The Court found that the original action should not be re-opened, as none of the exceptions to the application of the statute of limitations (i.e., where international law considers prescription inadmissible in order to maintain the State’s punitive authority) were present in this case. They ordered the State to award Suarez Peralta 20,000 US dollars for any future medical treatment that she might require as a result of the incident, 250,000 US dollars for loss of income and expenditure incurred, and costs and expenses for the judicial proceedings. Her mother, Melba Peralta Mendoza was also awarded 30,000 US dollars as compensation for the violation of her right to judicial guarantee and right to judicial protection. The State was further ordered to publish the official summary of the judgment in the Ecuadorian official gazette and to make the judgment available for a year on Ecuador’s official website. Finally, the State was requested to make certain guarantees of non-repetition, such as adopting standards related to the exercise of the medical profession and providing health care professions with training.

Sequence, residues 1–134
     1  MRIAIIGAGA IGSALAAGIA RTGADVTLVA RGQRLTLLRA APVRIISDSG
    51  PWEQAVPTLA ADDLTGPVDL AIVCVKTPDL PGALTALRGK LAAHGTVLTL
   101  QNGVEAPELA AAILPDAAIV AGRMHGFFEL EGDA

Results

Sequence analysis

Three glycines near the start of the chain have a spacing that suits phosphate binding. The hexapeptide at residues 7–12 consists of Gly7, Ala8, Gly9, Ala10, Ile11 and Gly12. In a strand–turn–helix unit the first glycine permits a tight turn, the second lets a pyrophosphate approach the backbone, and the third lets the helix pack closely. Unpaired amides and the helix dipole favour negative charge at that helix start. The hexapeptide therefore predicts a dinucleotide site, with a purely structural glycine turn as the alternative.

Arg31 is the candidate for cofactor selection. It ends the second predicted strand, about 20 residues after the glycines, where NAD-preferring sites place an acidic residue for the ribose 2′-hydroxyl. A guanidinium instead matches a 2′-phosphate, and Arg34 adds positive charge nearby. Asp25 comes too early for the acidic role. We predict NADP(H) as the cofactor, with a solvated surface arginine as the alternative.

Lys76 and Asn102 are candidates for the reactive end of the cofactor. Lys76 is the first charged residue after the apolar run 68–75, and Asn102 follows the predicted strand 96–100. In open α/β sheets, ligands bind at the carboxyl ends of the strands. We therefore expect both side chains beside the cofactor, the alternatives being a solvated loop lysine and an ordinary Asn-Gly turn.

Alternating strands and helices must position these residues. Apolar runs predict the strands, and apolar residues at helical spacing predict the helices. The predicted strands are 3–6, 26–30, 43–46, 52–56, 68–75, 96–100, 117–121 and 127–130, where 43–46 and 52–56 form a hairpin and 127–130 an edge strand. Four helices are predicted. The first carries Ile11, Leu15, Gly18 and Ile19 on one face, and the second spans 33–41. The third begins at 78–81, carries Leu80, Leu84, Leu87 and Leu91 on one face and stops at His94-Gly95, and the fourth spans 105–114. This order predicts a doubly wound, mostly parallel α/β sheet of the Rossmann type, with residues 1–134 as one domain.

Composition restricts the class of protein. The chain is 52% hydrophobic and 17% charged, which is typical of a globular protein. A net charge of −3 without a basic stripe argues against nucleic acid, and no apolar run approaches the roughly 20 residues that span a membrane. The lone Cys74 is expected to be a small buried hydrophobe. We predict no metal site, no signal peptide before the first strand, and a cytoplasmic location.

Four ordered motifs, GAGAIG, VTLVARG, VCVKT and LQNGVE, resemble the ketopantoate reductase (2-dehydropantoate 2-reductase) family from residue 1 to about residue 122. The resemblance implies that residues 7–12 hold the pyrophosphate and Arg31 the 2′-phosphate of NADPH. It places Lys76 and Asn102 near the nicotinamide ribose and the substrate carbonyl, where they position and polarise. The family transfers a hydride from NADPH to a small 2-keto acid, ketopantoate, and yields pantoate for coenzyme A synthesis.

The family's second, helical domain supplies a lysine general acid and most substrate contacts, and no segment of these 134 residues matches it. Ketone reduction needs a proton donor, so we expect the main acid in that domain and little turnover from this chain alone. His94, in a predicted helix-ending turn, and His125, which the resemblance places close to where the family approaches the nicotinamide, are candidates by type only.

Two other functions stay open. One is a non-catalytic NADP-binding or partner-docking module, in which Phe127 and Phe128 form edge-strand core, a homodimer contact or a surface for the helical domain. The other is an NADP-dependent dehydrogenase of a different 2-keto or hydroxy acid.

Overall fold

A concurring opinion argued that any violation of the right to health should have been directly analyzed by the Court, since economic, social and cultural rights should be considered justiciable by the Court.  The concurring judge determined that the ability for the Inter-American Court to rule on the right to health arises from the fact that that civil and political rights and economic, social and cultural rights were interdependent and indivisible.  He argued that an interpretive re-evaluation of Article 26 of the American Convention (requiring states to progressively realize economic, social, educational, scientific and cultural standards) could ground the justiciability of economic, social and cultural rights. Reviewing the facts of the case, the concurring judge found such facts “could even have led to declaring a violation of the obligation to guarantee the right to health under Article 26 of the American Convention.”

“[I]n this case, the errors, delays and omissions in the criminal investigation reveal that the State authorities did not act with due diligence or in keeping with the obligations to investigate and to ensure effective judicial protection within a reasonable time, in order to guarantee to Melba Suárez Peralta a reparation enabling her to have access to the medical treatment required by her health problems.” Para 30.